Uncle Jake’s here to hook you up with some of the latest and greatest horror short stories available online right now. Stories that will challenge, evolve, and redefine what horror is, and what it will become. These are themed mix-tapes of fear, dread, danger, and gore, lovingly curated just for your reading pleasure.
February is Women in Horror month, and last year’s celebration opened my eyes to so many exciting and excellent female authors that I just knew I wanted to join in on the festivities this year. With so many brilliant horror authors out there now, I figure the least I can do is to shine a spotlight that brings others to the dance.
For this mix-tape I cribbed a title from an Elmore Leonard story and picked five of my recent favorite writers and their deliciously vicious stories. Whether dancing on the graves of the Old Boys Club that horror used to be, or just tapping their feet to the sounds of darkness, these authors are grooving to the future of horror and I’m damned glad I’m listening along.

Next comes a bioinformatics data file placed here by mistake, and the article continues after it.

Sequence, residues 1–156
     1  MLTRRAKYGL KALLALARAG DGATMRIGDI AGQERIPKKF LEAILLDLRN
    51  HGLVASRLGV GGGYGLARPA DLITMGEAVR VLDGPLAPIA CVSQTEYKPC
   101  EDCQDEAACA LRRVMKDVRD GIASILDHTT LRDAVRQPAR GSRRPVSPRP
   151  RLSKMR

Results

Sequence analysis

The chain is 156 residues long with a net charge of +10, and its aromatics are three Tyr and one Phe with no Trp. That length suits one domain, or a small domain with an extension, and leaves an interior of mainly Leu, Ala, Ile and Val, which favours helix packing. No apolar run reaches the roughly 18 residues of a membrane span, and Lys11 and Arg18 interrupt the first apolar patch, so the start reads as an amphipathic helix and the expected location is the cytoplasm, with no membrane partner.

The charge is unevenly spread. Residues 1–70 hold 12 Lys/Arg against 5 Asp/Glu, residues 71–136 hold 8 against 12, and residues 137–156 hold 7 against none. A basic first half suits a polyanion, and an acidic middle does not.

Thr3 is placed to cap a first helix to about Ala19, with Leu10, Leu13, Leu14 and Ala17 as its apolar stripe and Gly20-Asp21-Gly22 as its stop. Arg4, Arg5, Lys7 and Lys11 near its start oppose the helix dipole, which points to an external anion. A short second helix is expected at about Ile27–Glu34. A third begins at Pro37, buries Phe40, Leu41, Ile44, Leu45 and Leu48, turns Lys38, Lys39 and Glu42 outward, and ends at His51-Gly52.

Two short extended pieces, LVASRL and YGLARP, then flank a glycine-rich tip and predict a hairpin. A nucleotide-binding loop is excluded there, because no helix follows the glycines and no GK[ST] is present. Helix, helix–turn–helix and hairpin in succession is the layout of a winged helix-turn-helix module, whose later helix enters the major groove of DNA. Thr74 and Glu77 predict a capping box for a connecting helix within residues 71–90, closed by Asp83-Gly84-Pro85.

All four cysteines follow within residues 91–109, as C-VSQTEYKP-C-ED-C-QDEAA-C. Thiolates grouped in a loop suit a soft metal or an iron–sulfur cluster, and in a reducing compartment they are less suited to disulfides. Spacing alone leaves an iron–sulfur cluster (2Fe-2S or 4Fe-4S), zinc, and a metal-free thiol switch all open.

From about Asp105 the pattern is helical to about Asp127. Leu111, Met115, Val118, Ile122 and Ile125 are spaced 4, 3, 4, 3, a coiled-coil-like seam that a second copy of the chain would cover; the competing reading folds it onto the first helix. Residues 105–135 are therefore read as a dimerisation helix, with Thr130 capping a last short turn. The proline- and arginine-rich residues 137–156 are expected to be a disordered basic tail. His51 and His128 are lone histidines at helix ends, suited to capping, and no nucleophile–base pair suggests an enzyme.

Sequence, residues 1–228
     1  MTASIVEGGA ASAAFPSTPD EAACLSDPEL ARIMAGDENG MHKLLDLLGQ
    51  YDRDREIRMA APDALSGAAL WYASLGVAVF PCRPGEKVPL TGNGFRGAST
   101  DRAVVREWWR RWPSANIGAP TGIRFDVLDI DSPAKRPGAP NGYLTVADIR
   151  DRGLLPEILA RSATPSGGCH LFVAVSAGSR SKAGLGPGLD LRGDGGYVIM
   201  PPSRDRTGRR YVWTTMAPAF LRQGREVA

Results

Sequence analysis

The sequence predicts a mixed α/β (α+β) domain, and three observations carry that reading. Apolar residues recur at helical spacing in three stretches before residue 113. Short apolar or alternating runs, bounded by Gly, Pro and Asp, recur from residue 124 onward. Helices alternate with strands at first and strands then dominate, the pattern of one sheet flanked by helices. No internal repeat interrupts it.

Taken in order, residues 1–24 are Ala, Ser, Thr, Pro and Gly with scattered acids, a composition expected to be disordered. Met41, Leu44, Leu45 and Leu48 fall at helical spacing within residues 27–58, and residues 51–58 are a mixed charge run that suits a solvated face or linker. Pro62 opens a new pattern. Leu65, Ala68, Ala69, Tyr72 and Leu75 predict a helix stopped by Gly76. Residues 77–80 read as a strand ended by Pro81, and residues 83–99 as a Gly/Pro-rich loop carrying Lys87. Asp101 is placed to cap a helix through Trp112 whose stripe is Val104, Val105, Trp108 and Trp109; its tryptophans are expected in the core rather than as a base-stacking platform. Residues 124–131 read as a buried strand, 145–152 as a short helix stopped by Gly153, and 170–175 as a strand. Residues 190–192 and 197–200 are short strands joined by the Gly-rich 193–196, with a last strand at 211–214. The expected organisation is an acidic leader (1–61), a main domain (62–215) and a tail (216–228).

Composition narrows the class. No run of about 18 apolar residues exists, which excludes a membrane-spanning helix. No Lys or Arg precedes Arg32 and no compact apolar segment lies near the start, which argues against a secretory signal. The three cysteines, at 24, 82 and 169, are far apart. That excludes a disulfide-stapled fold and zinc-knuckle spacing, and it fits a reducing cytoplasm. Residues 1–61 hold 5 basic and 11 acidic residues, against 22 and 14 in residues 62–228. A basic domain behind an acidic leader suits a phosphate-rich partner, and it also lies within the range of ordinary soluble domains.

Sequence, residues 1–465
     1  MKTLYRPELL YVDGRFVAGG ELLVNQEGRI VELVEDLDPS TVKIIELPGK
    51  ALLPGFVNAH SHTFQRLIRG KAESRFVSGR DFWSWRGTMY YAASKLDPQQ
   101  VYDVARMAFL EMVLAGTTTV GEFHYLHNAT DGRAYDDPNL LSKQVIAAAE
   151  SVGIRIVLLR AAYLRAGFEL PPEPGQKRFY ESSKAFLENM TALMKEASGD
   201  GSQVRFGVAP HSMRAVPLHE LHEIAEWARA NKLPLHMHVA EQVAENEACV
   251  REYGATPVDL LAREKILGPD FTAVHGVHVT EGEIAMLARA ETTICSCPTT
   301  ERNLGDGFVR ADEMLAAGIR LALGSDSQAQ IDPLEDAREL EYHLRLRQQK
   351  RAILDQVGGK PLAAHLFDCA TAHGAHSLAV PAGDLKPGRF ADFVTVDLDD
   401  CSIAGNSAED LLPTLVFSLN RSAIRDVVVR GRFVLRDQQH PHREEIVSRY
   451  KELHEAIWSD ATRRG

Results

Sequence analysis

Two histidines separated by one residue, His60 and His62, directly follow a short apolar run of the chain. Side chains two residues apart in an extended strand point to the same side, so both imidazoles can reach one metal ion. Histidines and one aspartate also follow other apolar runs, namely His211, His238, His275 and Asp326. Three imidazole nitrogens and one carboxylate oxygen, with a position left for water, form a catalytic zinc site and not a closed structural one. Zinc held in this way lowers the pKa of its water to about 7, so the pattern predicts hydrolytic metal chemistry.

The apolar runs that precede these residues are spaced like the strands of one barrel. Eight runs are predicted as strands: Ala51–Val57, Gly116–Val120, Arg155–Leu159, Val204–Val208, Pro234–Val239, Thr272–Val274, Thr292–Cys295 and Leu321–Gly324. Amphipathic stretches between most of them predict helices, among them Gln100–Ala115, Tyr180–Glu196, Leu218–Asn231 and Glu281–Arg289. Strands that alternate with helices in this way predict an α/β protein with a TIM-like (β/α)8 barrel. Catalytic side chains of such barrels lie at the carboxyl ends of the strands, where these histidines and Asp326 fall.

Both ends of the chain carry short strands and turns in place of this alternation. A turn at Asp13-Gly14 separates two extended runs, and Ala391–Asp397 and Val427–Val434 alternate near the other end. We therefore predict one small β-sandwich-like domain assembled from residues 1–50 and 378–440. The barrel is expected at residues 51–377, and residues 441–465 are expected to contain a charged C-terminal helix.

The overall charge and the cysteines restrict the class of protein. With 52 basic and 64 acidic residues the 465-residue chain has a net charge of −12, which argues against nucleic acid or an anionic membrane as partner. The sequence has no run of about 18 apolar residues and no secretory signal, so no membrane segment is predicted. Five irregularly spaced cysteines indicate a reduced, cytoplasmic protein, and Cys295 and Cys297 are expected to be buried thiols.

In this chilling, tightening spiral of a story, Death is always with us, all around us, and noticing Death is the worst thing you can do.
In a colonial house in Mexico City, the night security guard warns a trainee about staying away from the well . . . but Salvador is too curious to heed the warning.
There are Four Types of the virus, and there are ways to cope with the disease, but there’s also the constant threat of things getting worse.
Sometimes you’ve got to dig a little deeper. Pull a book down from your shelf, run out to the library, or order it from Amazon. Get a collection or anthology in your hands, crack the pages, and get into it. These “Hidden Tracks” can’t be found online (as of this publication), but are worth seeking out and devouring. Enjoy the thrill of the hunt by tracking them down.
This one is a haunting, infectious story that’ll get under your skin. Hui has a very, very bad problem in the cold of Northern Canada, and as the story unfolds you realize that you might have a problem, too. From Fearful Symmetries, edited by Ellen Datlow, this one is a stand-out story in a stand-out anthology, and still gives me the creeps even after a fourth or fifth reread.
Terry’s daughter Ava is distant and sullen, hiding in her room and only coming down for her piano lessons. The song she plays fills the silence of their home, and fills Terry with dread. Just one of the great stories in Leslie’s collection, Skein and Bone.
If you have a favorite story or two that celebrates Women in Horror, whether online or sitting on a shelf in your library, add it to the Comments below!